At a broad level, we're studying group interactions. We're interested in what happens when groups of individuals work collaboratively on a task. How do the individual members make sense of the task and perceive one another? How do changes in the external environment shape group interactions? How can we help groups interact in ways that make them more effective?
We are collaborating on two main projects.
One is a laboratory study on group dynamics. We manipulated the speed of a wall clock in the lab to make it go faster or slower than normal and analyzed how groups pace themselves according to internal versus external cues of time.
The other is a field study at a local hospital, looking how medical teams interact. Along with another colleague, Ruth Wageman, and a team of doctors at the hospital, we're studying teams of residents, interns, and nurses that come together for emergency medical training simulations in the OR. We're trying to see if we can improve teamwork and performance by changing their pre-operation briefing method to help them operate more effectively as a group, and if we can promote individual and group learning by changing the way they debrief at the end.
Findings & Implications
We're still at the stage of designing and setting up the hospital study, so no findings yet (field work takes time!). But we expect to find that teams can greatly benefit from taking some time at the beginning to identify and appreciate the relevant knowledge and skills that each member brings to the task, agree on the purpose of the team, and set clear norms of conduct. Most teams tend to jump right into the task, and this is understandable, especially when teams are dealing with urgent medical situations. However, we believe that taking some time, even just a minute or two, at the beginning to properly launch the team will help facilitate interactions throughout the task and ultimately lead to better outcomes. We also think that taking time to debrief at the end of the task will help the team and its individual members learn more from the experience.
From the lab study on group dynamics, we've found that groups pace themselves according to an internal sense of time, rather than external indicators of time such as clocks. A lot of studies have looked at the power of internal pacing mechanisms, and many others have documented the power of external indicators of time, but this finding is exciting because this study is one of the first to directly compare the effects of internal and external pacing mechanisms. We are in the process of writing our results, and will be sending the paper to a journal soon.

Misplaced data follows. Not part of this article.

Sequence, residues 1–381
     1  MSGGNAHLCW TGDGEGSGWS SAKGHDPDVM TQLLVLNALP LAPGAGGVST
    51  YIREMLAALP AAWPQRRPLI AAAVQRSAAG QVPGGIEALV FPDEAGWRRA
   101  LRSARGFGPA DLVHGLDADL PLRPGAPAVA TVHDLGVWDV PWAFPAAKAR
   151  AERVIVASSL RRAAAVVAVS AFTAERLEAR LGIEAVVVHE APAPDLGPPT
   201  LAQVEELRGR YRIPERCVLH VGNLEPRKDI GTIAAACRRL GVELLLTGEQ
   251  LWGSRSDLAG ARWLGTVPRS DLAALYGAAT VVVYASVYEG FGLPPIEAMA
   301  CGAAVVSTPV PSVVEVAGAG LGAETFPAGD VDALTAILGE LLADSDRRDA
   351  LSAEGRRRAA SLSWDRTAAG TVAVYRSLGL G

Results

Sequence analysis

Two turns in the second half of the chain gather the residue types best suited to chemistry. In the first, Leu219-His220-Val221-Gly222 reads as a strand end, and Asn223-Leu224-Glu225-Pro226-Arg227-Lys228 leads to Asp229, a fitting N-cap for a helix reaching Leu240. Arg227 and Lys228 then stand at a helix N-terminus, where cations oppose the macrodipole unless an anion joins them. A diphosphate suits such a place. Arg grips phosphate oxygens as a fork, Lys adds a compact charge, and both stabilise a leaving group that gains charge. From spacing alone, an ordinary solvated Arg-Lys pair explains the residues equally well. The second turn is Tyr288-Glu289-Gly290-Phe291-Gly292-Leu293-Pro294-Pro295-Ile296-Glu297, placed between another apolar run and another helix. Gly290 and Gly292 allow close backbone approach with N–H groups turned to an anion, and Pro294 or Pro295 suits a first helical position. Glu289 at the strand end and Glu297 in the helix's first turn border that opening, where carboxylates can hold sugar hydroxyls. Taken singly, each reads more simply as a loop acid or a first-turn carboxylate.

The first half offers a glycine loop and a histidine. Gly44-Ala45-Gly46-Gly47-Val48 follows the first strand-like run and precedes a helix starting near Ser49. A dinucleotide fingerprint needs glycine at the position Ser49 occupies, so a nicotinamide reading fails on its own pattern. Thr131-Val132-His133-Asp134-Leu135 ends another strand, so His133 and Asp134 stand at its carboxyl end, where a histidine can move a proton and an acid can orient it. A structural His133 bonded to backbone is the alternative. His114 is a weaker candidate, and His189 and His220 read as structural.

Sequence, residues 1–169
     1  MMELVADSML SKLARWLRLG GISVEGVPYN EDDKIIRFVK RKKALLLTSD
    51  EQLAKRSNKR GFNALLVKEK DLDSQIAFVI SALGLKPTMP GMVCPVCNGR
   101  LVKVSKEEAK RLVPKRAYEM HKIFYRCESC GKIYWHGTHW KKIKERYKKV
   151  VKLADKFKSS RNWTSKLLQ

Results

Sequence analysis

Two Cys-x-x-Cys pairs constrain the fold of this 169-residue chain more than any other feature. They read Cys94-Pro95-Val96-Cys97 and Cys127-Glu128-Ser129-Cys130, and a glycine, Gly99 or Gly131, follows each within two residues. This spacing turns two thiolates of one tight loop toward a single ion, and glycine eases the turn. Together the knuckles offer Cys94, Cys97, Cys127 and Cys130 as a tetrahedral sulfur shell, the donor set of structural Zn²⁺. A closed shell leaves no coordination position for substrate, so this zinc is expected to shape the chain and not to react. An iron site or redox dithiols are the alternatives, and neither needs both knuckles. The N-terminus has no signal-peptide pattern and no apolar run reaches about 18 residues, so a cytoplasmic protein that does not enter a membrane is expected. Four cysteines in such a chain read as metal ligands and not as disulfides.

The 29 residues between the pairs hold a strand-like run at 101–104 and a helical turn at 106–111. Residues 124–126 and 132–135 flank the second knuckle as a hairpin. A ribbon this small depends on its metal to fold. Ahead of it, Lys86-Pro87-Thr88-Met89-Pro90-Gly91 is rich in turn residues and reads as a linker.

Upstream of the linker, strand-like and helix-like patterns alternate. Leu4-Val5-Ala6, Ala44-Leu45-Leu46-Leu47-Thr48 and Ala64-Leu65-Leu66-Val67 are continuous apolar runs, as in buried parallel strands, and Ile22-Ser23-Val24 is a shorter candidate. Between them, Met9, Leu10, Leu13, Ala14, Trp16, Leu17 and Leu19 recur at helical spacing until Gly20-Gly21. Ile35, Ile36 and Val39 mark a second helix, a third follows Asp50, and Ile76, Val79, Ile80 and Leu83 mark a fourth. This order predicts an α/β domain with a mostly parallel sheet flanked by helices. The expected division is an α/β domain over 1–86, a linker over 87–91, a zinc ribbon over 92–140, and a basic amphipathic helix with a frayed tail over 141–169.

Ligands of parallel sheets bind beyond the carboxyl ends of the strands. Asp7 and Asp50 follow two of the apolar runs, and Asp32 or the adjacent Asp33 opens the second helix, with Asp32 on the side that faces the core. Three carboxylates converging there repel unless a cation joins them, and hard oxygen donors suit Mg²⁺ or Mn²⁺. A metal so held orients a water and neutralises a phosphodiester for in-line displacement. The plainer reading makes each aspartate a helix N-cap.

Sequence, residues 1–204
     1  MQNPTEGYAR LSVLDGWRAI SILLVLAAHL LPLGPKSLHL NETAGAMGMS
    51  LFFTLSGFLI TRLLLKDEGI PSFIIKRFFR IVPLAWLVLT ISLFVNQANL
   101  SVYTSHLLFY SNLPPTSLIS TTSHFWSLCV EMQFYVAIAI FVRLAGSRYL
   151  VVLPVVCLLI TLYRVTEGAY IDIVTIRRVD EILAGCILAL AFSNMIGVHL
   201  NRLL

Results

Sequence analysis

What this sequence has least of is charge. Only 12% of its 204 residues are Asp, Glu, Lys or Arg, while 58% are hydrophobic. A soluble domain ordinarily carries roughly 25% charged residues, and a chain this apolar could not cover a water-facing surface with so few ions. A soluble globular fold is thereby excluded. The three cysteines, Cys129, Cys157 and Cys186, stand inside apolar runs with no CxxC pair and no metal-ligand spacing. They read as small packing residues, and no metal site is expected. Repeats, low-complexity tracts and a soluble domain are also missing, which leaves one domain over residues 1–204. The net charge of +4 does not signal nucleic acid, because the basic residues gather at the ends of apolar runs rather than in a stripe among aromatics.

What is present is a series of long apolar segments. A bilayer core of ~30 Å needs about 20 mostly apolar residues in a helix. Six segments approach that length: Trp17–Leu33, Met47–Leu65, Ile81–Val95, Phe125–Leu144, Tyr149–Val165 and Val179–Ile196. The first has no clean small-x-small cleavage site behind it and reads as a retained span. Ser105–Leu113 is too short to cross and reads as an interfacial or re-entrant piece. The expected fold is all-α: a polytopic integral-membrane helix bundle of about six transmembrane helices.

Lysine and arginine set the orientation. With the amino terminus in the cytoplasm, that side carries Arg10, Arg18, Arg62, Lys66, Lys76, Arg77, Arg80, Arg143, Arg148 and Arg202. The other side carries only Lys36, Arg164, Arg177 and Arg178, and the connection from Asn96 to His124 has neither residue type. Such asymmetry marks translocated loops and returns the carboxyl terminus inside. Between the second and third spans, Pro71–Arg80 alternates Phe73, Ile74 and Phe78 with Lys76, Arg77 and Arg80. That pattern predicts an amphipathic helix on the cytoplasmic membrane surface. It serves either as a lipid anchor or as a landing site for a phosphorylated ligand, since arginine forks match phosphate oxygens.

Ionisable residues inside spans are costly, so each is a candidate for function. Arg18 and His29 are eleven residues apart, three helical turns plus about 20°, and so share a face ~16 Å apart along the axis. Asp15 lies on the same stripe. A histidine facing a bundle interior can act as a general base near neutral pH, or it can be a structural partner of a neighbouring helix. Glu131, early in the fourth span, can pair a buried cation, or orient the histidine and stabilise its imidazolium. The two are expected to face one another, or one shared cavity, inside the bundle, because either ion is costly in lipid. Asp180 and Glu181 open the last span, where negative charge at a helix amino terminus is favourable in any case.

The Collaborative Process
Richard: One of the joys of being a faculty member in the doctoral program in organizational behavior is the chance to work with students like Sujin. Her excitement about the work is infectious, and the constant flow of ideas and initiatives she sends my way keeps me on my toes—I often have to move pretty fast just to keep up! I would not have it any other way, and I'm excited to see what we learn from the dissertation project she is now crafting.
Sujin: Whether we're talking about a new phenomenon we're interested in, how to design a study, or how to interpret the data, I always learn so much from my conversations with Richard. His curiosity and passion for research are contagious, and I find myself inspired after talking with him, with a greater appreciation for what we do as scholars.
In terms of advising style, Richard gives me tremendous autonomy in deciding what to do and how to do it. He put me in the driver's seat right away, and let me take the lead on most aspects of the research process. This was (and continues to be) incredibly challenging. But at the same time, I have learned more than I ever would have if I had simply been assisting him and following specific directions.
The collaborative process is both spontaneous and rigorous. And always fun. Richard offers a great deal of insight, support, and enthusiasm, and I feel incredibly blessed to have him as a mentor. In working with Richard, I've never felt like I was collaborating or learning from someone outside of my field. We don't really think about whether our work falls into the realm of "social psychology" or "organizational behavior" — we just try to do good work.
From the beginning, Richard has always respected me and treated me as a colleague, and has held me to the highest standards. In striving to meet his expectations, I have grown a great deal as a researcher.
I respect Richard as a scholar, admire him as a friend, and am grateful to have him as a mentor.